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Rachel Kachchaf, Lily T. KoApriel Hodari, & Maria Ong

—Journal of Diversity in Higher Education, September 2015; 8(3). DOI: 10.1037/a0039068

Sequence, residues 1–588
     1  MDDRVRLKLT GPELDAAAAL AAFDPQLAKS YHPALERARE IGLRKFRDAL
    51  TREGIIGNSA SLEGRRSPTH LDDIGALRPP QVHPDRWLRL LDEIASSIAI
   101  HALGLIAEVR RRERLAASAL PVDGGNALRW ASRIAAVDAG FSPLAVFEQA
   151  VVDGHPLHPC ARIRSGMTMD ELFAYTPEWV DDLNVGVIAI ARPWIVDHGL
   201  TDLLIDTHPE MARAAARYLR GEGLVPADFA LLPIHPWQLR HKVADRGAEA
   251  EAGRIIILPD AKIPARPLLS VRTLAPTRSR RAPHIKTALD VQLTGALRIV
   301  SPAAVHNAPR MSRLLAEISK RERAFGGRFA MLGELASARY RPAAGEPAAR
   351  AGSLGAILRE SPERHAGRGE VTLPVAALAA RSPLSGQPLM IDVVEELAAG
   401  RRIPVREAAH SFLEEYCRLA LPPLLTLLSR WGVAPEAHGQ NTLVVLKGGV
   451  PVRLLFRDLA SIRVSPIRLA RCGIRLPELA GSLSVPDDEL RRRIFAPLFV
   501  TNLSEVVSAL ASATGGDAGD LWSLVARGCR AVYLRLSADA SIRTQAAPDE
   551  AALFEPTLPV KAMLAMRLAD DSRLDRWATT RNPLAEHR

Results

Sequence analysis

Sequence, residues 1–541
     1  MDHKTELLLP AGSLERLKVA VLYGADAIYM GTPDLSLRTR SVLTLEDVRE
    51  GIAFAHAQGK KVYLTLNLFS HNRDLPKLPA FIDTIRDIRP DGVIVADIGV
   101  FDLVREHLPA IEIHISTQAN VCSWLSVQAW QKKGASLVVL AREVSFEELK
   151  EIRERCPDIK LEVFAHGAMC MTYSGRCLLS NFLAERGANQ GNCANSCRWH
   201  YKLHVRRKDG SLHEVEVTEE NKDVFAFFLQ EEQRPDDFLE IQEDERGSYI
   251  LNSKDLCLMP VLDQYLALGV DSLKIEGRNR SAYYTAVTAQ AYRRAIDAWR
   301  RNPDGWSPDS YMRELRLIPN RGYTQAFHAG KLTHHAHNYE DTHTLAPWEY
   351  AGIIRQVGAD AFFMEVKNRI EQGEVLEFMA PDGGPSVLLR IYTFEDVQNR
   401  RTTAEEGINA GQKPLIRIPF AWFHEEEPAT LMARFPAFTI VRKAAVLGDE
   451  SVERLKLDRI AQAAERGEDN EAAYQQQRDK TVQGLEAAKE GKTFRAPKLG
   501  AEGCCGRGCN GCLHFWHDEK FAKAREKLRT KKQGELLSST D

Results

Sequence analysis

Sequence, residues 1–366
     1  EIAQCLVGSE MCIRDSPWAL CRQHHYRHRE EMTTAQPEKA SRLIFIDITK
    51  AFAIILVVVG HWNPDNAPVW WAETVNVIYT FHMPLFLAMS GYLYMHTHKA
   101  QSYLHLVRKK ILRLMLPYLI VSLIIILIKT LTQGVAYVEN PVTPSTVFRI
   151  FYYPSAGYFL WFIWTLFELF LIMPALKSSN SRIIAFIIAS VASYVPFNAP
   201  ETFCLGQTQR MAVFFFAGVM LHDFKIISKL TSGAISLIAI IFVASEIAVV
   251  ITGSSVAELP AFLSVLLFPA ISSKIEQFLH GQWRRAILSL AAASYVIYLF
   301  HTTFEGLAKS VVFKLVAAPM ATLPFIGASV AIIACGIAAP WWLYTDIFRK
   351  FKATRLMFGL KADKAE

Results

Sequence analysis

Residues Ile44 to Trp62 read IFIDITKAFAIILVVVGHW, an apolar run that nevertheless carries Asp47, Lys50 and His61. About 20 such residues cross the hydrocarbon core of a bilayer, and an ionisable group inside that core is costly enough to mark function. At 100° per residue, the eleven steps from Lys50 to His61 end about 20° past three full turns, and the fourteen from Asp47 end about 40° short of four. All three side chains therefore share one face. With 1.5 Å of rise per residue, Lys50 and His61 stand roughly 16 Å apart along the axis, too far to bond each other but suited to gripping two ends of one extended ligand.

The National Science Foundation recently recognized that career-life balance in science, technology, engineering, and mathematics (STEM) may present some unique challenges for women of color compared with their White and/or male counterparts, thus negatively impacting retention and advancement for a minority demographic that has long been underrepresented in STEM (National Science Foundation, 2011). However, there is a dearth of literature on this topic. This article advances our understanding of the nature of these challenges by analyzing career-life balance issues for three underrepresented minority women and the impact of these issues on their career trajectories. We explore the experiences of these women, at different stages of pursuing STEM academia, as they encounter career-life balance issues. Using the approach of narrative inquiry, we describe the interplay between domestic realities (e.g., social life, elder care, pregnancy) and the ideal worker norm, a prevalent gendered standard within STEM of pure dedication to scientific work. Using the lens of cumulative disadvantage we examine how the intersection of racial/ethnic and gender identities generated a set of experiences for each participant that positioned her outside that norm, resulting in significant obstacles (e.g., exclusion from professional networks, lack of support, questioning of competence). We describe how continual tension with the ideal worker norm impacted these women's career trajectories, illustrate how their experiences of career-life balance may be different from those who more closely embody the norm, and detail issues that need to be addressed to increase the participation, retention, and advancement of women of color in STEM academia. © 2015 National Association of Diversity Officers in Higher Education.

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